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blackberry seeds

Plant once the ground is workable. Dig a hole 12” wide and deep enough so that when set, the stem will be approximately 2” lower than they were in the nursery (you should be able to tell by the dried soil line on the stem). Make a small cone of soil in the middle of the hole and spread roots evenly around cone. Fill hole with soil, tamping firmly as you go. Water well. Blackberries should generally be planted 4’ apart with 8’ between rows, depending on the particular plants growth habit. Do NOT plant in areas where eggplants, peppers, potatoes or tomatoes have been grown in the previous 3 years due to possible infection of verticillium wilt fungus.

Blackberries are part of the group referred to as brambles, or cane berries. Blackberries are summer-bearing berries that have been traditionally sold at farmers markets, roadside stands, and on the farm as U-pick. They also make an attractive addition to a community supported agriculture (CSA) program. The fruit attracts birds. The brown thrasher, gray catbird, northern cardinal, northern mockingbird, and white-eyed vireo commonly nest in blackberry and raspberry thickets. The flowers attract butterflies, notably the western tiger swallowtail. Although the flowers are attractive, blackberries are grown primarily as a fruit crop and are not considered appropriate for ornamental use.

Blackberries produce fruit on the previous season’s wood. In mid-summer, snipping the tips off the new canes when they are about 3’ tall will cause them to send out lateral branches that can more than double fruit production the following season. In the spring, remove all but 3-5 strong canes and cut the laterals back to about 8-10”. Each bud on the laterals will bear several clusters of berries. Once the fruit-bearing canes have finished producing, they should be cut back.

Blackberries will perform best in well-drained loamy soils, with a pH of approximately 6.5 to 7.0, and supplemented with compost or manure. It is best grown in moist, organically rich, slightly acidic, well-drained soil in full sun to part shade. Growth habits vary among varieties: erect, semi-erect, and trailing. The trailing types are not recommended for commercial production. Erect types tend to be self-supporting that do not need to be trellised and are easier to pick.

IMPORTANT NOTE ABOUT BARE ROOT PLANTS
You may be a little startled when you first encounter a ‘bare root’ plant. This is simply a plant that has had the soil washed from its roots to facilitate shipping, and to help prevent the transfer of soil-borne pathogens and pests. Our bare root plants are shipped to you in a dormant state. Unpack your plants and submerge the roots into a bucket of water for 1 hour so the roots will begin to absorb moisture. Be sure to plant them within 48 hours, before the plants break their dormancy.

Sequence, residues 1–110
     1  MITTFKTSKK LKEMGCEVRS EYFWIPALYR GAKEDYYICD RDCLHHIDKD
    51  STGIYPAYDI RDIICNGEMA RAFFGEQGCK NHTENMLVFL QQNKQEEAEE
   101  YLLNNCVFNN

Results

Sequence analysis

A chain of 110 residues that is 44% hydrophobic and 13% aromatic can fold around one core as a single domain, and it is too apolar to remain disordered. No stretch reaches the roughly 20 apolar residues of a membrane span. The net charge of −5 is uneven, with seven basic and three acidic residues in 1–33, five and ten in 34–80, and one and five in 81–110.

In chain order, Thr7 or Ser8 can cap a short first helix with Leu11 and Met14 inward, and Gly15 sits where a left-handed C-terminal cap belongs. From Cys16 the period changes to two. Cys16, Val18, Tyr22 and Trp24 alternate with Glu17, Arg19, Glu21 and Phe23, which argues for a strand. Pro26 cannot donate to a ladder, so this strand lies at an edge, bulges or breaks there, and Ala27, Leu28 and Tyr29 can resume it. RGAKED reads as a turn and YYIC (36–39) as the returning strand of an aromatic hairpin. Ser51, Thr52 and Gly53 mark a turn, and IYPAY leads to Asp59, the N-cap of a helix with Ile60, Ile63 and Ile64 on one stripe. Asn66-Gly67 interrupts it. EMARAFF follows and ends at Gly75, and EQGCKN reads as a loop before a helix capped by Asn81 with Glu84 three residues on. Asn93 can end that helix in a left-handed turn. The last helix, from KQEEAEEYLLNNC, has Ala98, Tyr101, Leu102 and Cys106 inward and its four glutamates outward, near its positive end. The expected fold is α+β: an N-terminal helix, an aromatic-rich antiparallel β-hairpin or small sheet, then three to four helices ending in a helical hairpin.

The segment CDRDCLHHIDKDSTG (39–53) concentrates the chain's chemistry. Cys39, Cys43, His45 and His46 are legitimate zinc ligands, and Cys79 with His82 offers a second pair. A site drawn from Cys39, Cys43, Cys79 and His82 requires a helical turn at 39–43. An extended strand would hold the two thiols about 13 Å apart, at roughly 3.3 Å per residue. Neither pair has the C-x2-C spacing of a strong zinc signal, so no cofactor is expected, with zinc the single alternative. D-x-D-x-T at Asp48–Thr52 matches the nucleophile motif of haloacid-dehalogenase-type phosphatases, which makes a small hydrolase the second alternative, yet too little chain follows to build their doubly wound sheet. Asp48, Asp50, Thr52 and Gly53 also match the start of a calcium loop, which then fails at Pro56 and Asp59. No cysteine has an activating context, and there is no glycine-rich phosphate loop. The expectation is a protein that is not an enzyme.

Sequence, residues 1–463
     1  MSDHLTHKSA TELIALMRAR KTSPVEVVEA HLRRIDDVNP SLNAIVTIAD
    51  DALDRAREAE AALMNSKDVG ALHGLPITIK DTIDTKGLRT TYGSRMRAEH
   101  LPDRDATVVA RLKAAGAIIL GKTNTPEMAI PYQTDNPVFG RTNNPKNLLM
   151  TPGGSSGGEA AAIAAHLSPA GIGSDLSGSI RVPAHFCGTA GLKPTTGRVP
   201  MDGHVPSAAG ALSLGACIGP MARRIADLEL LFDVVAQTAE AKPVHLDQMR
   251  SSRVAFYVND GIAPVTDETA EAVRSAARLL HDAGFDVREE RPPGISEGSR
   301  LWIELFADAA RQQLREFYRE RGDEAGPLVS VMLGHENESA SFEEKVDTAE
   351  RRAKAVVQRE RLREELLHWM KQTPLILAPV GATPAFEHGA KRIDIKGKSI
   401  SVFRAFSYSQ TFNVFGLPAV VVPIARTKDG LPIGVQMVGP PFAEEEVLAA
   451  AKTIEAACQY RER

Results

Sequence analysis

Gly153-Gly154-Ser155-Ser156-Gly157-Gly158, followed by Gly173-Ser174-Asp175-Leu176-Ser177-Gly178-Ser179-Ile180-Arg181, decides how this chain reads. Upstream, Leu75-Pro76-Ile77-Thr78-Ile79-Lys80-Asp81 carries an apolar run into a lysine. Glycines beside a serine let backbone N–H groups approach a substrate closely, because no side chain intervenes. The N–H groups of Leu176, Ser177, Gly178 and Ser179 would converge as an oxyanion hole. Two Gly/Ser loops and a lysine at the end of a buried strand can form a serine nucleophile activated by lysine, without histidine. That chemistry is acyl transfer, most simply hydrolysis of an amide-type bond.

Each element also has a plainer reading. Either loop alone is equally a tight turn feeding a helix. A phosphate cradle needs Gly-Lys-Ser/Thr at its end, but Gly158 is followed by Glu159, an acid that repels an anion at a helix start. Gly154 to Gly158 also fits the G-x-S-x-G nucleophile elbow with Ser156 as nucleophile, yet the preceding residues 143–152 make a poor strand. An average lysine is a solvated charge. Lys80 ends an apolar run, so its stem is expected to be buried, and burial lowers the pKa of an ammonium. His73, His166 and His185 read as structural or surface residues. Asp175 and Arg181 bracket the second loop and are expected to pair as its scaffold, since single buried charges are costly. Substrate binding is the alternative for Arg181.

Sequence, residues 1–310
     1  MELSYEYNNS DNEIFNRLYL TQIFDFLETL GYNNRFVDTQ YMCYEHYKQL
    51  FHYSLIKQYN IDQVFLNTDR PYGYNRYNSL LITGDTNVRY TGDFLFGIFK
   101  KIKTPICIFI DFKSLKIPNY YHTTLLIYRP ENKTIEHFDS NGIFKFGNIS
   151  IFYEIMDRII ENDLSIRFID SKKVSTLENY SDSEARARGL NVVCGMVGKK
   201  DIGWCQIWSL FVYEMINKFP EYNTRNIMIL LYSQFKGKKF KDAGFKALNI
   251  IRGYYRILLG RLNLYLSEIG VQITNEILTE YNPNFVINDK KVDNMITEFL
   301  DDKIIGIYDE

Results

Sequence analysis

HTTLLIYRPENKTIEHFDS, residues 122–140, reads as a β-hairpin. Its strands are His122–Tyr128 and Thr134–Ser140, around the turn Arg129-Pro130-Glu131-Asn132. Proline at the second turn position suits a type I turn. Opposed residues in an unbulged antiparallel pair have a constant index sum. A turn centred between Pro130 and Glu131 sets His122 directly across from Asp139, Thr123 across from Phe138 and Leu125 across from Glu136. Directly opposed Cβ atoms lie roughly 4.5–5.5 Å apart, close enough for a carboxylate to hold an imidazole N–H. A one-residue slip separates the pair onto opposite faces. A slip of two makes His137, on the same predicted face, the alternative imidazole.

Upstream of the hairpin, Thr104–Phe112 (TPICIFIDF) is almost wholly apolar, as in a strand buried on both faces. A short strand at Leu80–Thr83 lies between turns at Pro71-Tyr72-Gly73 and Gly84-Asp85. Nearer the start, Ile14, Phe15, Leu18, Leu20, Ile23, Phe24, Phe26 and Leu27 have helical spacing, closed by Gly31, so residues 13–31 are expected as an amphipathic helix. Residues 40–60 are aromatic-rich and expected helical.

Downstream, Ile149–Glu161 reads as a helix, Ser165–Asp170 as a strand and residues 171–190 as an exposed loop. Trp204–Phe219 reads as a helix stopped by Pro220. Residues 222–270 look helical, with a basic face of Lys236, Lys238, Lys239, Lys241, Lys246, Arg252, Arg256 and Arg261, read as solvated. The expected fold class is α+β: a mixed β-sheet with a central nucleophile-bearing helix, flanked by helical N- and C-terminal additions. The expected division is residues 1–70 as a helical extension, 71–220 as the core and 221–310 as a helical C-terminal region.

SHIPPING INFO: Live products have fixed ship dates based on your location. Garden Galleries products will ship to you directly from our supplier via UPS in early spring unless you specify a later ship week in the Order Notes field at checkout . Shipments continue through late spring until product is sold out. Please see individual product pages for more information and any state restrictions.

Blackberry seeds

Place the blackberry seeds in a resealable plastic bag along with a handful of damp peat moss. Seal the bag, and place in a refrigerator with temperatures around 33 to 35 degrees Fahrenheit. Keep the seeds chilled for 12 to 16 weeks.

Blackberries (Rubus spp.), which grow best in U.S. Department of Agriculture plant hardiness zones 5 through 10, are commonly propagated through cuttings or division. This method gives an exact copy of the berry bush. It is possible to grow blackberry shrubs by planting seeds, but the seedlings vary in features. The best time to plant young blackberry seedlings outside is in September, but the germination process begins six months earlier.

Examine each of the seeds for scratches or nicks. Scratch any seed without damage with a sharp knife. Scarification helps break the strong seed dormancy surrounding the embryo.

Fill seed trays with seed starter soil, and spread the blackberry seeds on top of the soil. Lightly cover the seeds with soil, and place in a warm area. Blackberry seed germination does not require bright light since the seeds are covered with soil. Mist the soil with water in a spray bottle whenever the soil begins to dry out. Once seedlings begin to sprout, move the tray to an area with bright light.

Dig holes with a hand trowel only as deep and wide as the seedlings’ root balls. Space the holes out 4 to 6 feet apart. Place the seedlings in the holes, and fill with soil. Gently firm the soil around the brambles so they stand up. Space the rows 10 feet apart.

Remove the weeds from a planting area in full to partial sun. Pick a location with good drainage. Spread a 3- to 6-inch-layer of well-rotted compost over the planting area. Dig the organic material into the soil with a shovel. Work the compost into the top 8 inches of soil. This gives the blackberry plants a good source of slow-release nutrients. Smooth the soil with a rake.

Harvest the blackberry fruit. Use fresh berries to gather the seeds, not dried fruit. The germination rate drops when the seeds dry out. Place the fruit in a blender, pulsing on low until the seeds and fruit separate. Strain the berries out of the juice, and pick the seeds out of the pulp with tweezers.